Learn about 3D printing's cutting edge at July's Additive International summit

This July, leading researchers from the world of additive manufacturing will gather at  Nottingham's Additive International Summit to share insights into the technologies that are shaping the future of the sector. Summit co-chairs -  Professors Richard Hague and Chris Tuck - celebrate the welcome return of an event that is key for a sector which thrives on knowledge sharing.  

Professors Richard Hague and Chris Tuck

After a two-year hiatus, for reasons we all know far too much about, starting on the 13th July this year, we will once again be hosting the 2-day Additive International Summit in Nottingham. As ever, Additive International brings together leading researchers and industrialists from across the world to gather in person, to share insights into the technologies and research that are shaping the future of Additive Manufacturing (AM).

The aim of the Additive International Summit has always been to bring to the audience the very latest in AM research and industrial implementation activity from across the globe

This marks a very welcome return for an event that has always been at the very heart of AM, which is a sector that both thrives on, and needs, collaboration and knowledge exchange due to its innate multi-disciplinarity. AM is only ever optimised for industrial implementation if advances in design, processes, materials, software, as well as supply chain implementation, are coupled. This results in a need for collaboration and dissemination of the latest findings in the field, across disciplines and sectors, as a key tool for making the most out of our disruptive technology. To bring the community together in the same physical space for the first time in over two years is long overdue.

And there is still so much to talk about and debate with Additive Manufacturing; though progress and exploitation of AM has continued unabated, with the disruptive potential it offers being well known, AM is far from being a done-deal, with much to discuss and debate on where it may be going in the future.

The University of Nottingham is at the forefront of developments in multifunctional AM.  Image shows an inkjet printed radiofrequency (RF) sensor for drug release monitoring in a transdermal skin patch

In many respects, AM can be considered as an “emerged” technology that has wide industry adoption, for example in customised hearing aids, orthopaedic implants and exciting aerospace applications, amongst significant other examples. However, this emergence is largely only true for what we could now term as “conventional AM”; i.e. single material systems with materials that are largely used for structural purposes. In most other respects, and other sectors, it is still very much an evolving technological area where the benefits of AM have not been realised, or indeed even solved yet at the research level. This is especially true when the AM approach is used for multi-material, multifunctional device manufacture, where we seek to exploit the added benefit gained by the combined printing of both structural and functional materials in tandem. This is an area that is still very much in its infancy and predominantly a research activity at institutions like our own at the University Nottingham, but which shows great promises for future applications that include 3D printed electronics, pharmaceutical and regenerative medicine sectors, amongst others.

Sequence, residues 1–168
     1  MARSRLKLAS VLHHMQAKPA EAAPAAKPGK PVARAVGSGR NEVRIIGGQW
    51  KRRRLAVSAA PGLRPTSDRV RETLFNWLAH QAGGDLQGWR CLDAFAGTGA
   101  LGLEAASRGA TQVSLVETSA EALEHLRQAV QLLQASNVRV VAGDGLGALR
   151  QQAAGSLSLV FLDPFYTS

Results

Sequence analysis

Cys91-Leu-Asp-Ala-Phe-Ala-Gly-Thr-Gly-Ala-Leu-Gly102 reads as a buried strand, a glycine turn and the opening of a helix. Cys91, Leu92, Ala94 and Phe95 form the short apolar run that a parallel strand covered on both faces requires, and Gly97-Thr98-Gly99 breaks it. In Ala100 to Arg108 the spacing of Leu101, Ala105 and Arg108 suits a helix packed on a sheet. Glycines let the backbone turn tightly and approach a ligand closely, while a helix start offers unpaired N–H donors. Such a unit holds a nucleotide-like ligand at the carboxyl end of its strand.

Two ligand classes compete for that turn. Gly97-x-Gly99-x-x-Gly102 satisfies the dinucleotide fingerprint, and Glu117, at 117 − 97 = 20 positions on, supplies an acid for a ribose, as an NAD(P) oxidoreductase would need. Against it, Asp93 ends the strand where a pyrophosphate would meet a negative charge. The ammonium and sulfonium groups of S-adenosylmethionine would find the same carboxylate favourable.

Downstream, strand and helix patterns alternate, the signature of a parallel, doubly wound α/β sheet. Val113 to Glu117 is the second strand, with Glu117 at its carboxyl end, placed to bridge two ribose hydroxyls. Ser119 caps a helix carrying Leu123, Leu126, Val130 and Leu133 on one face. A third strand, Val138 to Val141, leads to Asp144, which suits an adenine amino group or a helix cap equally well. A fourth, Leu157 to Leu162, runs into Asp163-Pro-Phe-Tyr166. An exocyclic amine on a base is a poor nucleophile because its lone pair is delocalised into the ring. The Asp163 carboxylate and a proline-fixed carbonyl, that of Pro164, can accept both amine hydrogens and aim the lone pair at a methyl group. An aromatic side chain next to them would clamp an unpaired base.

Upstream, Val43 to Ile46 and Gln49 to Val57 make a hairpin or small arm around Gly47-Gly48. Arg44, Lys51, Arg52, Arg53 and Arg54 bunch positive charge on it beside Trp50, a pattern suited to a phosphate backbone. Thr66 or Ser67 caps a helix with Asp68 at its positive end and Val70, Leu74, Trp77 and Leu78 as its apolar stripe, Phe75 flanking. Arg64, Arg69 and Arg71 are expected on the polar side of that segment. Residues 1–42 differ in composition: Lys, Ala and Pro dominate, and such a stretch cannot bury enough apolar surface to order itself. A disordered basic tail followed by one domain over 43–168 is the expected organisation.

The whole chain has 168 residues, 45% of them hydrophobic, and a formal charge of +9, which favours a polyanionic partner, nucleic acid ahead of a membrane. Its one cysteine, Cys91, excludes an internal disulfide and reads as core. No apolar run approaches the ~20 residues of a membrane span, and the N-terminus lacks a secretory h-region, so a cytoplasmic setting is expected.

This is where Additive International fits in.

The aim of the Additive International Summit has always been to bring to the audience the very latest in AM research and industrial implementation activity from across the globe. This ethos will continue again this year, where we are again curating a fantastic set of leading expert speakers to talk about their cutting-edge AM activity. There has been so much development in the additive field in the past couple of years, both in single and multiple materials, from a wide range of sectors that includes the usual suspects of healthcare and aerospace but has broadened into space, electrical machines, biology and many others. We are therefore excited to be welcoming you back to the conference and meeting with both old and new delegates so that we can once again bring to you the very latest in AM research and exploitation and to debate the future of the field.

Importantly, this will be an in-person only event; though it has of course been shown possible to have virtual, on-line events, we believe that it is imperative to be having this summit in-person in order to facilitate those valuable side-conversations, ad-hoc informal meetings and overall networking that bring with them new relationships, friendships and collaborations that simply aren’t possible on-line. We’re also delighted this year to be partnering with our friends at the Mark Allen Group (publishers of The Engineer) who will be helping bring this year’s event to a larger audience than ever before.

We very much look forward to seeing you in July.

If you’d like to hear more from – and network with - AM leaders, visionaries and innovators, please join us in Nottingham at this year’s Additive International summit, 13-14th July. Visit https://www.additiveinternational.com/ for more details.